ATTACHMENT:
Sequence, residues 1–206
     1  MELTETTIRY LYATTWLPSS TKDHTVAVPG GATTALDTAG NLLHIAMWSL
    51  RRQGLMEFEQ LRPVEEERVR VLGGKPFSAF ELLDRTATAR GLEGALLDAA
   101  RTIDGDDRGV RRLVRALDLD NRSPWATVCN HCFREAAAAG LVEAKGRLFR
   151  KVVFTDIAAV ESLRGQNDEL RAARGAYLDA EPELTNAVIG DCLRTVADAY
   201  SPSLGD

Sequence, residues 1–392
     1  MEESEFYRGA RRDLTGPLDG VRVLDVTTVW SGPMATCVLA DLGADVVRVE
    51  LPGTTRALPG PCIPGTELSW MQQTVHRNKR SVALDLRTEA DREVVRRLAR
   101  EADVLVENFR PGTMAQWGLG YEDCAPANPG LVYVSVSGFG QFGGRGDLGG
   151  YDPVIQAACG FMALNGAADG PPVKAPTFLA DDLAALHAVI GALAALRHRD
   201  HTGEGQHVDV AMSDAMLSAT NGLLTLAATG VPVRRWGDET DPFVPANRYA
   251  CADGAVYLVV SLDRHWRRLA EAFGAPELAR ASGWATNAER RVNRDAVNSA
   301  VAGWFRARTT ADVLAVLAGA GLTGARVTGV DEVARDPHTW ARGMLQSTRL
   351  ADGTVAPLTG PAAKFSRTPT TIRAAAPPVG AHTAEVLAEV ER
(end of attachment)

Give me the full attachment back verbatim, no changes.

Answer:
Sequence, residues 1–206
     1  MELTETTIRY LYATTWLPSS TKDHTVAVPG GATTALDTAG NLLHIAMWSL
    51  RRQGLMEFEQ LRPVEEERVR VLGGKPFSAF ELLDRTATAR GLEGALLDAA
   101  RTIDGDDRGV RRLVRALDLD NRSPWATVCN HCFREAAAAG LVEAKGRLFR
   151  KVVFTDIAAV ESLRGQNDEL RAARGAYLDA EPELTNAVIG DCLRTVADAY
   201  SPSLGD

Sequence, residues 1–392
     1  MEESEFYRGA RRDLTGPLDG VRVLDVTTVW SGPMATCVLA DLGADVVRVE
    51  LPGTTRALPG PCIPGTELSW MQQTVHRNKR SVALDLRTEA DREVVRRLAR
   101  EADVLVENFR PGTMAQWGLG YEDCAPANPG LVYVSVSGFG QFGGRGDLGG
   151  YDPVIQAACG FMALNGAADG PPVKAPTFLA DDLAALHAVI GALAALRHRD
   201  HTGEGQHVDV AMSDAMLSAT NGLLTLAATG VPVRRWGDET DPFVPANRYA
   251  CADGAVYLVV SLDRHWRRLA EAFGAPELAR ASGWATNAER RVNRDAVNSA
   301  VAGWFRARTT ADVLAVLAGA GLTGARVTGV DEVARDPHTW ARGMLQSTRL
   351  ADGTVAPLTG PAAKFSRTPT TIRAAAPPVG AHTAEVLAEV ER